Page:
Printer Friendly

Using a team approach in hiring.

Using a team approach in hiring Openings arise even in a tight laboratory job market. When that happens, it is important that your hiring decisions be as good as you can make them.

I have come across some unorthodox suggestions for hiring--who conducts the interviews, how they are done, who makes the final decision. It is a nontraditional approach that may make some laboratory managers and directors uncomfortable. But if it can help you pick the right person, then I think it's worth a try.

The secret to business success, says Tom Peters, coauthor of "In Search of Excellence" and "A Passion for Excellence," is first hiring people who are somewhat above average, then letting them prove their potential on the job. The hiring process he suggests involves first-line supervisors and the applicant's peers as part of an interviewing team; department managers spend the least amount of time interviewing unless a supervisor is being hired.

The interviewing team focuses on the candidate's ability to be a team player, to respond positively to change, and to accept responsibility for his or her own work. During the selection process, the time spent verifying technical and professional abilities is minimal, particularly for an applicant for a supervisory position.

For example, if the lab is hiring a chemistry technologist, then the chemistry supervisor is the primary interviewer. Senior chemistry technologists and other department supervisors, including clerical and support personnel, are also involved to some degree. During interviews, the following questions should be asked:

1. Why do you want to work here?

2. Why should we hire you?

3. What interests you most about this position?

4. What kinds of decisions are most difficult for you?

5. What would you like to be doing five years from now?

6. What did you enjoy most in your last job?

7. What did you enjoy least in your last job?

8. What other departments would you like to work in?

9. How do you feel about the changes occurring in the laboratory and in health care in general?

10. How do think your career will be affected?

11. What have you done to prepare yourself for the changes that have occurred and are yet to come in the lab?

12. What kind of supervisor would you most like to work for?

These questions are not part of the traditional selection process, nor is the involvement of supervisors and peers. But the end result can be very positive because the actual selection is made by the people the applicant will be working with. The decision then only requires review and confirmation by the lab manager and/or director.

The approach has the added benefit of fostering accountability by the members of the lab team: They justify their choice by making certain the new hire succeeds.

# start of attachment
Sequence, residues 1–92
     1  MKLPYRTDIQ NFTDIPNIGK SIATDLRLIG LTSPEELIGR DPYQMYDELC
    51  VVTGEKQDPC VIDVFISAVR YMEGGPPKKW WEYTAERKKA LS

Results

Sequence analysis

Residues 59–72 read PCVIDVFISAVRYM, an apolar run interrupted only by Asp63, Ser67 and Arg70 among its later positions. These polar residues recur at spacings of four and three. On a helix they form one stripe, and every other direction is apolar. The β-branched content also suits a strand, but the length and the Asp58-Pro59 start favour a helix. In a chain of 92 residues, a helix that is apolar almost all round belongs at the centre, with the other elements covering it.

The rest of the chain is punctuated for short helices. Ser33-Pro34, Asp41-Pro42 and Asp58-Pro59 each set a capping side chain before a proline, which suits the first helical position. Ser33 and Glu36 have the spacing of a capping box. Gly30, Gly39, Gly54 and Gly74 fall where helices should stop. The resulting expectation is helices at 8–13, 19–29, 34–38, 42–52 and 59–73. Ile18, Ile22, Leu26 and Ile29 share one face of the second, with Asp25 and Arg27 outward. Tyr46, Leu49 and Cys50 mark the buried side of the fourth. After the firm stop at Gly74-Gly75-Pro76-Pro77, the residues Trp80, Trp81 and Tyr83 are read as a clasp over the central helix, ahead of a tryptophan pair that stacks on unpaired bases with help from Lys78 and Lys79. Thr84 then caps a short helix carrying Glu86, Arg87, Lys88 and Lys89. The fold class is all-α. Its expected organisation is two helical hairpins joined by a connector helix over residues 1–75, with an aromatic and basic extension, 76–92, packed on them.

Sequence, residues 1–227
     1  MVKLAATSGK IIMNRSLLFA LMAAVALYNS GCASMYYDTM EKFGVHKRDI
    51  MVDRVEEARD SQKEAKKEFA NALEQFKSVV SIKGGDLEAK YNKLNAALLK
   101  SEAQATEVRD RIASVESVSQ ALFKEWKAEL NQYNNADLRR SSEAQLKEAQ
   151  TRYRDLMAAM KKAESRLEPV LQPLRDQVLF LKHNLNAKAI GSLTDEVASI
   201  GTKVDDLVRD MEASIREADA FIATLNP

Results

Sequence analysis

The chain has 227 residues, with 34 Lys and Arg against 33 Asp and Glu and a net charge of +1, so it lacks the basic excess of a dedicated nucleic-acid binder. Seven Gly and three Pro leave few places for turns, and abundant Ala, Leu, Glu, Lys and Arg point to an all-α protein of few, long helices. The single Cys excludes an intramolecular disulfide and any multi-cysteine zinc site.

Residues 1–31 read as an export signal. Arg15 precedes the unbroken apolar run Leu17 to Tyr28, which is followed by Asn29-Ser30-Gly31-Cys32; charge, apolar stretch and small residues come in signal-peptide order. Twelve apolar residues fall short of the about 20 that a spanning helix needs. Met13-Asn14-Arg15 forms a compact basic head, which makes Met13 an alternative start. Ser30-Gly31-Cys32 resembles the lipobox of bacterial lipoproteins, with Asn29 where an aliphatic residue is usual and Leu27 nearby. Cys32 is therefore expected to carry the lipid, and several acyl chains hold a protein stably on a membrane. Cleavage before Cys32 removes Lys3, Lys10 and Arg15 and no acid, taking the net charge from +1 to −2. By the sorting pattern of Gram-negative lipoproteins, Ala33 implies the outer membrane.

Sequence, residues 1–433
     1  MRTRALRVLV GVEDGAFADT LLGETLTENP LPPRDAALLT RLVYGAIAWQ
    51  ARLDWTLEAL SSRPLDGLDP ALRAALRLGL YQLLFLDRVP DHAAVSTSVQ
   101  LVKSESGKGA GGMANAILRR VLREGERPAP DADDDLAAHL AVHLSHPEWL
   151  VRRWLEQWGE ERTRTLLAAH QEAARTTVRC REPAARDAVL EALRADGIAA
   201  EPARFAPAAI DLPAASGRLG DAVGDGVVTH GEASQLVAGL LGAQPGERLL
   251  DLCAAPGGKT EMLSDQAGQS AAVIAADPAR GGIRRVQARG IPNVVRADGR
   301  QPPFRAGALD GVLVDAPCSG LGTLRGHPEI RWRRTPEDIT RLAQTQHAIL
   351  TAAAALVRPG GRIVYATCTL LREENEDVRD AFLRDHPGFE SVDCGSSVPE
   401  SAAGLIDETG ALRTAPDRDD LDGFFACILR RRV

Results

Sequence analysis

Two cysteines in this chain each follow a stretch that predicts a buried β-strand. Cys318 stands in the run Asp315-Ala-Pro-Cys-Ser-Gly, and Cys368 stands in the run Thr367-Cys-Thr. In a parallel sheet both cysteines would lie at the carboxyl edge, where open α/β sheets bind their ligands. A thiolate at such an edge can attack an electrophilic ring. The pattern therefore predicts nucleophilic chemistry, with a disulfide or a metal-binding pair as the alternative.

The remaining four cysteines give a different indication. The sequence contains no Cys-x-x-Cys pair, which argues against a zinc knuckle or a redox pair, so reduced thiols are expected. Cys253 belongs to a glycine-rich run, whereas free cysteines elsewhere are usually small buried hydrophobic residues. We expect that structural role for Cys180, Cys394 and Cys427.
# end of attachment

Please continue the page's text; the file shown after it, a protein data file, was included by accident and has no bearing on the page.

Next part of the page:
Before you begin, be sure you have a competency-based, objective position description that accurately reflects the specifics of the job and clearly describes minimum qualifications for performance. Also, employees must understand the hiring process and be able to conduct interviews. In-service programs with role-playing and assigned readings should sufficiently prepare your team.

Picking the right person the first time will spare you future problems. The following checklist emphasizes key points for selecting the best candidate. Keep it handy so you can refer to it.

1. Define job qualifications.

2. Interview the candidate more than once.

3. Get more than one opinion; have associates interview the candidate, too.

4. Make a list of the applicant's strong points and weaknesses.

5. Try to imagine the applicant functioning in the job. What will he or she be good at? Where might the applicant fall down?

6. Check past records. Has the applicant made steady progress and real contributions or is he or she just job hopping?

7. Is the applicant up to the job physically and mentally?

8. What are the applicant's outside interests and do they offer a key to personality?

9. Check references.
COPYRIGHT 1986 Nelson Publishing
No portion of this article can be reproduced without the express written permission from the copyright holder.
Copyright 1986 Gale, Cengage Learning. All rights reserved.

Article Details
Printer friendly Cite/link Email Feedback
Author:Barros, Annamarie
Publication:Medical Laboratory Observer
Article Type:column
Date:Oct 1, 1986
Previous Article:No more runaway health care spending.
Next Article:HCFA setting its agenda for reforms to seek in 1988.

Related Articles
Recruitment: more than a side show.
Hiring employees intelligently.
Buying a company.
Recruiting and retaining baby boomers.

Terms of use | Copyright © 2016 Farlex, Inc. | Feedback | For webmasters